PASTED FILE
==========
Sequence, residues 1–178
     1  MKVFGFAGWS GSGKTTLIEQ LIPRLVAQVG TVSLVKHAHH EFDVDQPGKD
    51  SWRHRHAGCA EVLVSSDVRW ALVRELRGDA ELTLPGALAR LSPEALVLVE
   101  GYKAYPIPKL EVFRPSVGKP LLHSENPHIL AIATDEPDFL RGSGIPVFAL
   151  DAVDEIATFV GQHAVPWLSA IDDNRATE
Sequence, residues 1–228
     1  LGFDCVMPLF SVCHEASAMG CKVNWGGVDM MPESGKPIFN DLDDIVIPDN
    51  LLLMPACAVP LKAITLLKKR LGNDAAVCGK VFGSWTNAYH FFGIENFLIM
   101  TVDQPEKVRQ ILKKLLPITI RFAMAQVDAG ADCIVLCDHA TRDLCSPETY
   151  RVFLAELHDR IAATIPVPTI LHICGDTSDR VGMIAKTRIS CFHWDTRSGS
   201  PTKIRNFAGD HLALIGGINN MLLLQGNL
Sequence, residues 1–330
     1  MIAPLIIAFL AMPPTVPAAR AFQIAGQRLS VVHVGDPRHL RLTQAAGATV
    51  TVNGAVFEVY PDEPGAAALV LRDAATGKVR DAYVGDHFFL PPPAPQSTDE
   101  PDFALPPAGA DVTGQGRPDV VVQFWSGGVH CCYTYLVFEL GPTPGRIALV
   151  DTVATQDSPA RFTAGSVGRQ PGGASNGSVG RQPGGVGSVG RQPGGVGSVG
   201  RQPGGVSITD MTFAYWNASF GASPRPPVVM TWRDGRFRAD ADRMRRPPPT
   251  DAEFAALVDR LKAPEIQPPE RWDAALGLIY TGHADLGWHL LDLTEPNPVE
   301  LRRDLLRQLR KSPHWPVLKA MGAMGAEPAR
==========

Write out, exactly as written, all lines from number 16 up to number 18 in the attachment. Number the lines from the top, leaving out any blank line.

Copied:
   151  DTVATQDSPA RFTAGSVGRQ PGGASNGSVG RQPGGVGSVG RQPGGVGSVG
   201  RQPGGVSITD MTFAYWNASF GASPRPPVVM TWRDGRFRAD ADRMRRPPPT
   251  DAEFAALVDR LKAPEIQPPE RWDAALGLIY TGHADLGWHL LDLTEPNPVE